The author and actor opens up about feminism, being a misfit and embracing her ‘androgynous mind’.
When Twinkle Khanna decided to pick up her pen at the age of 38, she had finally found her calling. And her writing reflects not her early years in Bollywood when films like Mela were being made or when words like sexism and gender equality were confined to social study classes, but the present times of #metoo and raging public debates around feminism. Talking about the past, she simply says, “I don’t look back.”
While ‘Mrs Funnybones’ has emerged out of the actor much later in life, there was no doubt about her being a ‘misfit’, as she calls herself. For someone who had also harboured a dream to be a charted accountant, and had been pushed into Bollywood, she says, “I was always a misfit. I would be knitting on the sets of my films or reading. My grandmother taught me how to knit and ours was a nice hippie household. Someone was always reading, or knitting or playing the guitar.” But it didn’t seem like a fitting thing for an actor to do back then. “I was never interested in fitting in,” she tells the audience at an event organised by YFLO Delhi in the city on Thursday.
It is this very attitude that has transformed the actor into a much adored author and columnist today. In the capital to promote her recent book, Pyjamas are Forgiving, the actor says, “The pajama is a metaphor. It is very nice to be accommodating like pajamas are, but sometimes as women we let our drawstrings too loose and before we know it we are standing in our underwear.” The book taps on the importance of consent and is in a way a ‘Me-too book’.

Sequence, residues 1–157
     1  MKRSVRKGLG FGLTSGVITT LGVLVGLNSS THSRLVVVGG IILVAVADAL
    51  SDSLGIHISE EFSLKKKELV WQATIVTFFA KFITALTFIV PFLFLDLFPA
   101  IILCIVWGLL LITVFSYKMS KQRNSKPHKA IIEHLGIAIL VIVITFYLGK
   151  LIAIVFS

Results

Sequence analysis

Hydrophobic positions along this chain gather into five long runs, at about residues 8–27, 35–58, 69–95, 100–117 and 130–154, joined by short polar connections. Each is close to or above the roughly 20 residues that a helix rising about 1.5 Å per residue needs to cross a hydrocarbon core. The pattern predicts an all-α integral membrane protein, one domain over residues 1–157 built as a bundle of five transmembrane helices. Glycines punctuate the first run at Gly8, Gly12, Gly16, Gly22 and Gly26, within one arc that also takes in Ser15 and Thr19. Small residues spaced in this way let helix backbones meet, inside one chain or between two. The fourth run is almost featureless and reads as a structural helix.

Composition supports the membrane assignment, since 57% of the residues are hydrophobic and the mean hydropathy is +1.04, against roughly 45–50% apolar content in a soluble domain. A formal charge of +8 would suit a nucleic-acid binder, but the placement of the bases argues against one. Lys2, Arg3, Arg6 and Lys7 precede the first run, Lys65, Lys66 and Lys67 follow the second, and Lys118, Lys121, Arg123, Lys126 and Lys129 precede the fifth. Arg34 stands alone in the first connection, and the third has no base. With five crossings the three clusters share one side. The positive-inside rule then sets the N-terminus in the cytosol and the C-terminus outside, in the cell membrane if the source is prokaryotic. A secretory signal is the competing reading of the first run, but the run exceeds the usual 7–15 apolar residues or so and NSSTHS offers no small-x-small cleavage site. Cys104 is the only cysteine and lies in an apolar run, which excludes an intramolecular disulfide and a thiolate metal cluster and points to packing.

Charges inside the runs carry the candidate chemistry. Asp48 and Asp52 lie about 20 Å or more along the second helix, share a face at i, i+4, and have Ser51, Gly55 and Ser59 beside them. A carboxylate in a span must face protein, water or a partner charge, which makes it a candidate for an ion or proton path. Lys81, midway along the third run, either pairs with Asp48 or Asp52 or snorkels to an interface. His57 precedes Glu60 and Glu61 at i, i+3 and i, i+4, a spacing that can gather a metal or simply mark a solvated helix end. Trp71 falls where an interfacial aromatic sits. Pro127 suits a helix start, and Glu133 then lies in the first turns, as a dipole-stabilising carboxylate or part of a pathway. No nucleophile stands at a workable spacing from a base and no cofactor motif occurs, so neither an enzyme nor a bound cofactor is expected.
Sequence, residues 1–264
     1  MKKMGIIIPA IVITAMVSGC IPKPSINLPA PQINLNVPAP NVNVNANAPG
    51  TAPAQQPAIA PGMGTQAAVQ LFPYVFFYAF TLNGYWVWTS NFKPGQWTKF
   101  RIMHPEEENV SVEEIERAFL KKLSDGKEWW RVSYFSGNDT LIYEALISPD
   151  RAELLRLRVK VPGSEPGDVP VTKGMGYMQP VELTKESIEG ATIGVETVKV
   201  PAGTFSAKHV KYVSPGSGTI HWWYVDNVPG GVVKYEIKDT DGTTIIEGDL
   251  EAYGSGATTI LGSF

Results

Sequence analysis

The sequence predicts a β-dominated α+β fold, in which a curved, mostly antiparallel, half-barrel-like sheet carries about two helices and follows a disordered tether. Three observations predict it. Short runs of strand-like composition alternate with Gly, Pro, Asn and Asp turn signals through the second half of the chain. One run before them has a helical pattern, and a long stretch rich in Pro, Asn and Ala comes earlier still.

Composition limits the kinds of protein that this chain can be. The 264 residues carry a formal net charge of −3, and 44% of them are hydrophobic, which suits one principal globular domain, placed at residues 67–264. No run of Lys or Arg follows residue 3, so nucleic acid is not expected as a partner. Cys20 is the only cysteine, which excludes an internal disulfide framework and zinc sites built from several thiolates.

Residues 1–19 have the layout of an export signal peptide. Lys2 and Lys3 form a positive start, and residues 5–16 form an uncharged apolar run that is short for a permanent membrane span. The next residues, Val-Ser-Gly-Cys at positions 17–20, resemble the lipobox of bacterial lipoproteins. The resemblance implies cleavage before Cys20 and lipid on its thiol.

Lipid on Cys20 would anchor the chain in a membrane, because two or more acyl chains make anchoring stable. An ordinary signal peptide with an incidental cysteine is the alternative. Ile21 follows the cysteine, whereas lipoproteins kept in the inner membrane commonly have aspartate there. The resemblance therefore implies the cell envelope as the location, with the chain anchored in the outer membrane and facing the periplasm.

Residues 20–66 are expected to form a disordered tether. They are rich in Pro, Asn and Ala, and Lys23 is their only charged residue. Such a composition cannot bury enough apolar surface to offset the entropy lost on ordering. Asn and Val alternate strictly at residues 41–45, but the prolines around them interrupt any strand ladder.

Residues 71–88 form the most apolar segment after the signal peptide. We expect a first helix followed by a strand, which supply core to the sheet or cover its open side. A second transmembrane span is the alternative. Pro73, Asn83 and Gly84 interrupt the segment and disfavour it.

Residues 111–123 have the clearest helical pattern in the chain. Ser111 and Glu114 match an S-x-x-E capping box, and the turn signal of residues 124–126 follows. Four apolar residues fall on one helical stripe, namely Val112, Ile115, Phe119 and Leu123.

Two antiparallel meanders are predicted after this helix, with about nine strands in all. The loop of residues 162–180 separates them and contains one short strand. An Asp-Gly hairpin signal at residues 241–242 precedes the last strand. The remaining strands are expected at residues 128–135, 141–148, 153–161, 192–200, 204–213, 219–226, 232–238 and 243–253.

Twinkle says, “Consent has been ambiguous. Even five years ago, a man wouldn’t stop. He would try regardless. That has changed and it has not only affected women. I think men are also looking at their ingrained behaviour and it filtered into this book.”
Asked why she doesn’t write about Bollywood or set the book closer home in a territory she knows so well, Twinkle replies, “Bollywood is boring to me. I don’t write about it in my columns or short stories, I don’t find it interesting. I have seen it and why would I write about it. It is too familiar.”
She goes on to say, “I have worn hideous costumes, I have said terrible lines. I have danced and done all the pelvic thrusts.
But I learnt how to laugh at myself and I think that is one of the reasons why I am here. Now I hope people will forget Mela and remember me for my books.”
Having been called a tomboy, she recalls, “I had a moustache, I didn’t use lipstick till I acted in movies. A lot of people told me that I talk like a man, I think like a man and I really thought that there is some man trapped inside my body. But it wasn’t like that. I realised soon that my perception didn’t have a gender. As Virginia Woolf says, ‘An androgynous mind is an incandescent mind’.”
On her views on feminism, Twinkle says, “I think we keep telling women to speak up and be more independent. But you have to tow the line of the hand that writes the cheque. That I think is the biggest problem. So economic independence is the primary thing for women to be fearless.”
With her strong opinions, Twinkle also has to handle her share of trolls. “But I have a thick skin because I have the biggest troll at home — my mother,” she laughs.
She says she won’t ever write a book about herself, “I won’t do that because it would be all lies. All that you can find about me is in these books, in fiction,” she signs off.